There is a context to my unease in the photo. The queue betrayed the fact that very few present at this event were match going Chelsea fans. I may have been the only one who had attended both finals that garnered these two trophies. The photographer had a series of unwelcome props. I declined the white away shirt bearing the name of Brian Laudrup. Lovely player who never settled and was gone within 6 months, & had not been at the club when these cups had been won. Unfazed, the photographer jammed a Chelsea jester’s hat on my head just as the photo was about to be taken. I promptly removed it. I had waited more than a quarter of a century to hold meaningful trophies in my hand. I didn’t need a white Laudrup away shirt. Or a fucking jester’s hat. By the time this had been quietly established the trophies were beginning to sag in my grasp. The woman issuing the photos told her sidekick that I was miserable. I was not miserable in the slightest, just not a publicity hungry it girl. That photo had been earned by years of being subjected to often god awful football in cold, unwelcoming grounds, following a team that was frequently regarded as a joke, with & fan base largely regarded as social pariahs by the media, football authorities, police, politicians & public alike. I had worked for my photo with these trophies. My civvies & ugly mug would suffice for once, unencumbered by club shop tat. Up yours dearie. I didn’t say that of course, just feigned deafness, said thank you & continued a vain search for remaining canapes.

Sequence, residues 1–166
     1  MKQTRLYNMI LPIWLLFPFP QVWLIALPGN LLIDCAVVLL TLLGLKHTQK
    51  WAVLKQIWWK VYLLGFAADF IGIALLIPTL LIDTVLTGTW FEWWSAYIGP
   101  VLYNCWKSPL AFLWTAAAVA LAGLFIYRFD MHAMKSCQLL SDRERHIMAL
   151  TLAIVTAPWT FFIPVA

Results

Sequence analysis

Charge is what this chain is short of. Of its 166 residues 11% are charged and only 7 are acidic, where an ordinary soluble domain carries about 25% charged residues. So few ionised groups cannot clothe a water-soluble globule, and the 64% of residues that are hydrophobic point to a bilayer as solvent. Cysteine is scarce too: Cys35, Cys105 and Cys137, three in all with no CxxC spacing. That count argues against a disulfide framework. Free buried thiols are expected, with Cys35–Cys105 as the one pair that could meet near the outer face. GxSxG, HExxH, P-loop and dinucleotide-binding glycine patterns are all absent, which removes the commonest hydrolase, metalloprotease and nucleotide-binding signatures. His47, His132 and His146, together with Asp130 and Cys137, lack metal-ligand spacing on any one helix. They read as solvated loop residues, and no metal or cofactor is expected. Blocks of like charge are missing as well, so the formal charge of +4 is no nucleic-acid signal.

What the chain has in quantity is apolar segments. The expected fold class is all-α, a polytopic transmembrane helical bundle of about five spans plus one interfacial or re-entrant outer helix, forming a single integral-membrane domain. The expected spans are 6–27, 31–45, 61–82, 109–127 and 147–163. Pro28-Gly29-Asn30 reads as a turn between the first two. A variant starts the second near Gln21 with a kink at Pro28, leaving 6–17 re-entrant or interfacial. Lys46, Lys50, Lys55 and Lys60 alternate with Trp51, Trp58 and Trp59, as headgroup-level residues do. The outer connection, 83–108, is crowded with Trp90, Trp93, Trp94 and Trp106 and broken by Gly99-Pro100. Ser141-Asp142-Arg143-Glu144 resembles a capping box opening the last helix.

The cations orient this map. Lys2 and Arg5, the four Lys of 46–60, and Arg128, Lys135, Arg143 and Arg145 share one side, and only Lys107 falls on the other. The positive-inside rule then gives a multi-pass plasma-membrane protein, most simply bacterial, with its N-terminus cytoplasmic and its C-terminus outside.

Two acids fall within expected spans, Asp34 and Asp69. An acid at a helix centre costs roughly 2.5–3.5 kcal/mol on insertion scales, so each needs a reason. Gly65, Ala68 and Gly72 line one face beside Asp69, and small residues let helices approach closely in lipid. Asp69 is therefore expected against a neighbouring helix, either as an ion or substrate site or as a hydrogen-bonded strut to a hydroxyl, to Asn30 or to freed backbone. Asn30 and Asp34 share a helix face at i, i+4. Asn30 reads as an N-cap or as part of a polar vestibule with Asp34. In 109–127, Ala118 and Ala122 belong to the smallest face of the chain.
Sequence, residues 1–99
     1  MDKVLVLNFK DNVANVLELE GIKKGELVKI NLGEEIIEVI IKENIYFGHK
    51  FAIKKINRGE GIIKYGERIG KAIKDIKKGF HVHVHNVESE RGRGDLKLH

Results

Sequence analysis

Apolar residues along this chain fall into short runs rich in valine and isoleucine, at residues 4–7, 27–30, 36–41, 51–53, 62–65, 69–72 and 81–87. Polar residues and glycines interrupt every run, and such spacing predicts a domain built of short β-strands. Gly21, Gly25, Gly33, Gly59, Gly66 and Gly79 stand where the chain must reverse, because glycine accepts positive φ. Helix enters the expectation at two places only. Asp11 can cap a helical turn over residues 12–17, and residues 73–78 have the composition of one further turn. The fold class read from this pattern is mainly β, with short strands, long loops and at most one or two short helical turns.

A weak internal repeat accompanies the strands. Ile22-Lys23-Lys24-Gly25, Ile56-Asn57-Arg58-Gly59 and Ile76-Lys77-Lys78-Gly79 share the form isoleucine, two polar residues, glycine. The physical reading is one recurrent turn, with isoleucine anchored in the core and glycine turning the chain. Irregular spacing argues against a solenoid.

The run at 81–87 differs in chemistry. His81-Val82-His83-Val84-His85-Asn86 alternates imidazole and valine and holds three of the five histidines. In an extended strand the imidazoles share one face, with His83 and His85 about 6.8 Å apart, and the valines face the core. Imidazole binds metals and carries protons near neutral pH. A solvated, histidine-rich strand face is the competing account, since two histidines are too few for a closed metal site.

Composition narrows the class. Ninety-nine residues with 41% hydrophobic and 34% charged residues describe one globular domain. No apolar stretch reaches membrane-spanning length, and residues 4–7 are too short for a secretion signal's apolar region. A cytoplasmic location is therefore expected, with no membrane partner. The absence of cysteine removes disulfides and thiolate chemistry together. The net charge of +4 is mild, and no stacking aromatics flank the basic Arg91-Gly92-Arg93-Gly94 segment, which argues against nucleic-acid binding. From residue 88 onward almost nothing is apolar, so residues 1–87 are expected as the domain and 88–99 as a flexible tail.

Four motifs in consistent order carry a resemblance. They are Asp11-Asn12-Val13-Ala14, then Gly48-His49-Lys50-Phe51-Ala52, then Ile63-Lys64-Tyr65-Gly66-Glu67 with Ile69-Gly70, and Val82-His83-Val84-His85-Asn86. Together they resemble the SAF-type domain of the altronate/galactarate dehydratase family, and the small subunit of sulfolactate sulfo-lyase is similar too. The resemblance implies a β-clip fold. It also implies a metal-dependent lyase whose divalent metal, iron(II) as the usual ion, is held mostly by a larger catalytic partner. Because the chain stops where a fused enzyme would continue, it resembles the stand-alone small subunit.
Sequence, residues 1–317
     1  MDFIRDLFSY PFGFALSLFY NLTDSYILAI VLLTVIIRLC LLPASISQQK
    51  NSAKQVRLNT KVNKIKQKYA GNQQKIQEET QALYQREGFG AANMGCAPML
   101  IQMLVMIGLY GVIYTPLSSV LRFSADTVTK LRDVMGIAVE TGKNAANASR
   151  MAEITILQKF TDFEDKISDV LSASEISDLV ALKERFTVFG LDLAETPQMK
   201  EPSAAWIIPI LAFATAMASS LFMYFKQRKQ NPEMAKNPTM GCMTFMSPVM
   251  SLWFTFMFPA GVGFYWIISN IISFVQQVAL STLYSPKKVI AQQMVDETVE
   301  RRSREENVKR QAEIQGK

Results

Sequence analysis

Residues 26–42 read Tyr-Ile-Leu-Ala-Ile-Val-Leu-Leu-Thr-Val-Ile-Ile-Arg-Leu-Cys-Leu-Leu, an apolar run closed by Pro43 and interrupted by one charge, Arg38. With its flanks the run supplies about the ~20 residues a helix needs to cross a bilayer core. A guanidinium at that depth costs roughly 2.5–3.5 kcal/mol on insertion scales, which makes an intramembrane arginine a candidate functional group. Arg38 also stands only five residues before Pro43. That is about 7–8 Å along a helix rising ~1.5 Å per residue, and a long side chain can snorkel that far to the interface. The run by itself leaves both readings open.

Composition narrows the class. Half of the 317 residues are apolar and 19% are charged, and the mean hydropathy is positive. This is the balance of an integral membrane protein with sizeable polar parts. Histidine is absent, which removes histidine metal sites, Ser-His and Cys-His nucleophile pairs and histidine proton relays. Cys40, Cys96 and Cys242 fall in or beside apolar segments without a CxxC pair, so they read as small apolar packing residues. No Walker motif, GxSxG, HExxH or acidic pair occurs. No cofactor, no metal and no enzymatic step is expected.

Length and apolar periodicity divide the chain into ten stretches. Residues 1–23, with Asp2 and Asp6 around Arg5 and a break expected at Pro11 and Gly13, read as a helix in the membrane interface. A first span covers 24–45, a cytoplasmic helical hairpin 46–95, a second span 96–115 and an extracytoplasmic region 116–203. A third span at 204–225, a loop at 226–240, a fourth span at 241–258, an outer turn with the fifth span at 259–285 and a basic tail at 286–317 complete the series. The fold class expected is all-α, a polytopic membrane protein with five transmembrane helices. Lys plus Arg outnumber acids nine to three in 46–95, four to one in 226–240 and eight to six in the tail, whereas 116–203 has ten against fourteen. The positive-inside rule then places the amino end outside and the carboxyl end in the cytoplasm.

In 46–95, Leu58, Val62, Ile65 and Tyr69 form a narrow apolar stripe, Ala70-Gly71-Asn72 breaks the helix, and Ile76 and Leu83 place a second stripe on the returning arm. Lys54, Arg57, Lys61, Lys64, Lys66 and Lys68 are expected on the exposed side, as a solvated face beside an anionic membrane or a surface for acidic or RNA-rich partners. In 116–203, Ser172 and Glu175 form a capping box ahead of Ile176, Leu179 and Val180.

The Wonderful Gianluca Vialli. Class In A Glass.
The Coca Cola Cup Final was the second 2-0 win over Middlesbrough inside a year. Strangely, as one of life’s sporting pessimists (with plenty to justify that condition over the years where Chelsea are concerned!) on neither occasion did I doubt Chelsea would end up the victors. Bill & I repeated the normal matchday ritual, travelled into London & had a pre-match pint in our favourite pub, The Duke Of Wellington in Belgravia. In 1994 we had travelled direct to Wembley via Bicester on the train. We lost 4-0 & this diversion from the norm was clearly as responsible as the brilliance of Cantona, Giggs, Keane & co. Hence the trip into central London & the chance to see other travellers at Marylebone Station reminded again, loudly & repeatedly by our fellow supporters, via the familiar lilting ballad, that West London is wonderful, being full of tits, fanny & Chelsea. North London was once more less fortunate, replete merely with shit, shit & more shit. A few beers in The Duke Of Wellington had set us up nicely for the journey. Genial landlord John Bond pleasingly conformed to the cliche that being Irish meant he would keep a good pint of Guinness, & would always supply a free one several times a season too. The pub also had a footballing pedigree. George Best & Bobby Moore would meet there during the Fulham years. The last time Stamford Bridge had hosted an FA Cup Semi-Final was in 1978 when Arsenal played Orient. At some point over that weekend both teams had elected to bolster team spirits by going out for a few pints. Remarkably, they both ended up in The Duke Of Wellington, facing each other over a bar that could fairly be described as compact & bijou. It must have been fascinating to witness the reaction of the two groups at both descending on the same venue. Of all the bars…